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Coronavirus: Amid Fears, Wisconsin's April Election Stays Put

Joe Raedle
Getty Images
Poll worker, Adelia Hurtak, uses a sanitizer wipe to wipe down the area and the machine where she is checking voters in during the Florida presidential primary as the coronavirus pandemic continues.

Updated Friday at 6:49 p.m. CT

For almost three hours Wednesday, the Wisconsin Election Commission (WEC) debated over the future of the state's April 7 elections. In the end, the commission decided to move forward with the election as planned, and urgently requested that Gov. Tony Evers' administration pay for hand sanitizer and other resources for clerks and polling places.

WEC met via teleconference to comply with Evers’ ban on gatherings of 10 or more. More than 200 people dialed in, eager to hear what the commission had to say.

In recent days, elections officials in various states have decided to postpone their presidential primaries to try to prevent the risk of spreading coronavirus, which causes COVID-19. As of Wednesday evening, five states had postponed their presidential primary elections: Georgia, Kentucky, Louisiana, Maryland and Ohio. Such actions raised the question of whether Wisconsin should proceed with its April elections.

>>The Latest WUWM & NPR Coronavirus Coverage
>>Wisconsin 2020 Answers Your Questions About Coronavirus & The April 7 Election

During the call, many commissioners said the situation is a bit more complicated in Wisconsin. 

On April 7, residents will not only be voting in the presidential primary, but will also be voting for important local races, as noted by commissioner Dean Knudson.

“Everything from local mayors, city councils, other town and village elected officials, all the way up to our judges, they’re all being elected on April seventh or at least many of them are," he said. "And the way our statutes run, there would be vacancies if we did not hold this election.”

In the Milwaukee area, races include Milwaukee Mayor and Milwaukee County Executive.

The concern many commissioners had was the ripple effect from postponing the elections. It would mean vacancies in key public offices in the time of a public health crisis. 

So, while the April 7 elections are still on, WEC is taking precautions. The commission passed a motion Wednesday evening directing staff to develop best practices to minimize the potential transmission of the coronavirus at the polls.

On Friday, the elections commission sent a letter to Evers asking for immediate support to help local election officials procure sanitation materials and recruit poll workers.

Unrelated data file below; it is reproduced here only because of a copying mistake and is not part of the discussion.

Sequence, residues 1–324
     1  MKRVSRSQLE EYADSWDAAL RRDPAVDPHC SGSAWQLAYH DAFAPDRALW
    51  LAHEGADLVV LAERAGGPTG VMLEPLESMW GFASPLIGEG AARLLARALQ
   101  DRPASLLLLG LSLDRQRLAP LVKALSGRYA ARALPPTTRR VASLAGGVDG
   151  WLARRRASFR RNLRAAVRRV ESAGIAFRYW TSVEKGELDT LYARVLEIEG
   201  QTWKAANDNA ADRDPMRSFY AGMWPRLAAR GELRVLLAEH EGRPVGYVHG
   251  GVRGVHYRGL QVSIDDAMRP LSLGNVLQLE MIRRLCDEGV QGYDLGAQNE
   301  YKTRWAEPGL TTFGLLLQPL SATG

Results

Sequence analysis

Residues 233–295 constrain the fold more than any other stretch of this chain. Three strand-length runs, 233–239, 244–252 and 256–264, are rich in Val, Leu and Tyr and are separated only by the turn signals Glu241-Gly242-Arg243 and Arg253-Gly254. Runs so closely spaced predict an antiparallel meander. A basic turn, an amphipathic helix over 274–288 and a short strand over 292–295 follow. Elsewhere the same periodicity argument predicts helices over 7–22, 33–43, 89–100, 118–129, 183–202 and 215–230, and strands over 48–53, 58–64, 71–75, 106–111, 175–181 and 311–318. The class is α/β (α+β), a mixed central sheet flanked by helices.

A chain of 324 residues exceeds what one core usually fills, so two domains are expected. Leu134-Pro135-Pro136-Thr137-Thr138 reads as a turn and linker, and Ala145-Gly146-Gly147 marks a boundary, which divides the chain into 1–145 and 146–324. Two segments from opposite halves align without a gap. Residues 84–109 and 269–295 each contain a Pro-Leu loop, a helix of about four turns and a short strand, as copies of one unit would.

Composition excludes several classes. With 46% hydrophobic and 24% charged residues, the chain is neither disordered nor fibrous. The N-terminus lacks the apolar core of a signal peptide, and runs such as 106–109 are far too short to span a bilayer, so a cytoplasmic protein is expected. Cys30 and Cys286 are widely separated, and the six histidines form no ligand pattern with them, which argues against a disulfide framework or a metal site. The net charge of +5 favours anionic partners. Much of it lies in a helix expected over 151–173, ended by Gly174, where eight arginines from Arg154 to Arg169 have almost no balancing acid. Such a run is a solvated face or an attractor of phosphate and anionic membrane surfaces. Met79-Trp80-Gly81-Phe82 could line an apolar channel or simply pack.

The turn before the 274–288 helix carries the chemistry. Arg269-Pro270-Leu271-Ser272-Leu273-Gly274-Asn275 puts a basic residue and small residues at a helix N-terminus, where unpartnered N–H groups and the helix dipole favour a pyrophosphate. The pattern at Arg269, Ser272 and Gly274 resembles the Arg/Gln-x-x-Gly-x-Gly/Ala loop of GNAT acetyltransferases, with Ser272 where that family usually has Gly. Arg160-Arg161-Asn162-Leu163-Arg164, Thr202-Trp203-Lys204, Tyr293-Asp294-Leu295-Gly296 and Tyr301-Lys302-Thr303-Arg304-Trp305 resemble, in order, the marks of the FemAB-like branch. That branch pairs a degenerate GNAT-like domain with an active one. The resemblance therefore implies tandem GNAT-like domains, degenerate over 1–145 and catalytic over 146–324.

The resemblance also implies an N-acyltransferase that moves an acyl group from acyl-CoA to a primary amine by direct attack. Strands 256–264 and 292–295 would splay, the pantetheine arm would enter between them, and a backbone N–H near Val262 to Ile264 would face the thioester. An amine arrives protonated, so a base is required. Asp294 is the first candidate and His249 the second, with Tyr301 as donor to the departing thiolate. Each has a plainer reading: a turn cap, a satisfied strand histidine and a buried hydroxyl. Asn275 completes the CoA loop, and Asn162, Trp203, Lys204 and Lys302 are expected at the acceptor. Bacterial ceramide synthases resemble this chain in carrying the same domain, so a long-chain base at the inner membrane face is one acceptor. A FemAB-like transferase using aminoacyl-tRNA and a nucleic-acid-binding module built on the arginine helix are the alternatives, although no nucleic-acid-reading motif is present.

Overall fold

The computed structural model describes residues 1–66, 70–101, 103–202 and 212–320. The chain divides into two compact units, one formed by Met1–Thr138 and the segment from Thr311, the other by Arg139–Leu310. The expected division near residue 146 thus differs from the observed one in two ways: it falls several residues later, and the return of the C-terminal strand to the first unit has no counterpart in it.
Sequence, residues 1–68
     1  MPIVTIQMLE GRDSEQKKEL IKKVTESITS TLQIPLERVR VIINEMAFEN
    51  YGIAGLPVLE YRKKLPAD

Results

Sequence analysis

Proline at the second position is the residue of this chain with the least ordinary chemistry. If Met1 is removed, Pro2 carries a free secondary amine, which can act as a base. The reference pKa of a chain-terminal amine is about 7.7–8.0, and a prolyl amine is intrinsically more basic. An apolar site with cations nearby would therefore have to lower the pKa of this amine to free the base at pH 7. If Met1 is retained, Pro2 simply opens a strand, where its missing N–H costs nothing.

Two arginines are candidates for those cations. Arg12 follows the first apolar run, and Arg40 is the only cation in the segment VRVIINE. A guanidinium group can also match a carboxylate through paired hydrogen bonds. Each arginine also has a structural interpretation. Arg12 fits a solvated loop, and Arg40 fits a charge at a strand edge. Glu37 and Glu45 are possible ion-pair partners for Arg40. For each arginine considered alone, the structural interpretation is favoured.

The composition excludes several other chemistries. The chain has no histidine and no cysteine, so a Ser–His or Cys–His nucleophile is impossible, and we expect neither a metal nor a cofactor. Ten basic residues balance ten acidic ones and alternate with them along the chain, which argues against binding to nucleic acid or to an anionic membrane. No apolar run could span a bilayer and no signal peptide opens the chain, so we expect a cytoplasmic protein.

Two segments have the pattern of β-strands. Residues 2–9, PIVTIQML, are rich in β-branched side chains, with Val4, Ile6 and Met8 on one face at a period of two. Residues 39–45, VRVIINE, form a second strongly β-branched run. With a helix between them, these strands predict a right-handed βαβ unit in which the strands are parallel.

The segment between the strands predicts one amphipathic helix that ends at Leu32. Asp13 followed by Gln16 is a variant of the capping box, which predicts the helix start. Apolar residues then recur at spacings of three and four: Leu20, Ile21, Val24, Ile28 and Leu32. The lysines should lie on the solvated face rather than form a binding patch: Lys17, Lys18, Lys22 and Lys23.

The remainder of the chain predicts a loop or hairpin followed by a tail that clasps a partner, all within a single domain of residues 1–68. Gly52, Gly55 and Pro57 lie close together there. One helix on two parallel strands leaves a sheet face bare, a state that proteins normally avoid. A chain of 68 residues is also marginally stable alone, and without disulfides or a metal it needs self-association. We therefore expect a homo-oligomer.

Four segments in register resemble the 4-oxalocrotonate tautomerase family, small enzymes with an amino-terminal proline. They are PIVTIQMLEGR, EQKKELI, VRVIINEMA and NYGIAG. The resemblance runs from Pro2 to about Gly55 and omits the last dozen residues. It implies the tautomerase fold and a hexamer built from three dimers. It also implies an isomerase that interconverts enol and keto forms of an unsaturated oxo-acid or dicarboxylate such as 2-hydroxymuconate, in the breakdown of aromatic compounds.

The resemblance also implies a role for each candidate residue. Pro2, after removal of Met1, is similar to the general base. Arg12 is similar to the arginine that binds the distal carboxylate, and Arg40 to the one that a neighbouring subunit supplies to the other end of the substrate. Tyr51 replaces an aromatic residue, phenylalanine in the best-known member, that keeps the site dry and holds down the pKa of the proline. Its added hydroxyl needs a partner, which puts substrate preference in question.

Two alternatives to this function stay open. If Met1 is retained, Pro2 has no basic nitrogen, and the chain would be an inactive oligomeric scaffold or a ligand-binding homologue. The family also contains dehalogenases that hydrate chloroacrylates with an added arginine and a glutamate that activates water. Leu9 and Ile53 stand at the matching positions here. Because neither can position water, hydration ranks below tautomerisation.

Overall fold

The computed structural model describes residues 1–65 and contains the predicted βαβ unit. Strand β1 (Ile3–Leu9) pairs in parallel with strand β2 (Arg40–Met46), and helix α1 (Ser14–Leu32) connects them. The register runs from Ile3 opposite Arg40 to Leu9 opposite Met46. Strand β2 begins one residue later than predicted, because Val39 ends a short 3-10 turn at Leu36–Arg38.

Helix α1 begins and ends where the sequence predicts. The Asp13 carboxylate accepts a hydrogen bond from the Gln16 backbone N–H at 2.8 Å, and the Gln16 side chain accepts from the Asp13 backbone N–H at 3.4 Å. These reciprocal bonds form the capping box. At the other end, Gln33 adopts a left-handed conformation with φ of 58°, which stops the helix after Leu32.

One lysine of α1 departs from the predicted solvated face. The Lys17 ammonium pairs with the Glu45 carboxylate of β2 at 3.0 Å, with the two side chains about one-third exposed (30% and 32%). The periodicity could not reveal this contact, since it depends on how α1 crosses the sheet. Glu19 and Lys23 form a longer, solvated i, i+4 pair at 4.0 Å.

“As of today, local election officials do not have access to the people or supplies needed,” wrote Wisconsin Election Commission Administrator Meagan Wolfe. “This leaves voters, clerks, and poll workers to make difficult choices. Voters should not have to choose between voting or staying healthy. Poll workers should not have to choose between serving their community or staying healthy. Our local election officials should not have to choose between facilitating democracy or staying healthy.”

She said local clerks aren’t able to find the hand sanitizer and surface cleaning materials needed to comply with CDC guidance to limit transmission of the coronavirus. She asks Evers to allocate sanitation resources to local election officials so they can protect their health and voters’ health as much as possible.

Wolfe requested Evers’ assistance in recruiting poll workers as well. In previous elections, she says half of poll workers were over the age considered most at risk for COVID-19 complications, and many have indicated that they cannot serve.

As a way to reduce in-person contact, election officials encourage Wisconsin residents tovote absentee by mail.

>>How To Request An Absentee Ballot

Wolfe stated in a memo that clerks statewide are facing unprecedented pressure: "With the push to encourage absentee voting from various sources, clerks in many communities do not have enough absentee certificate envelopes for voters to use when returning their absentee ballot, and in some cases are using envelopes intended for the fall elections."

The commission authorized Wolfe to spend up to $200,000 on additional supplies needed for absentee voting, such as envelopes, labels and sanitation supplies.

Angelina Mosher Salazar joined WUWM in 2018 as the Eric Von Broadcast Fellow. She was then a reporter with the station until 2021.
Emily is an editor and project leader for WUWM.
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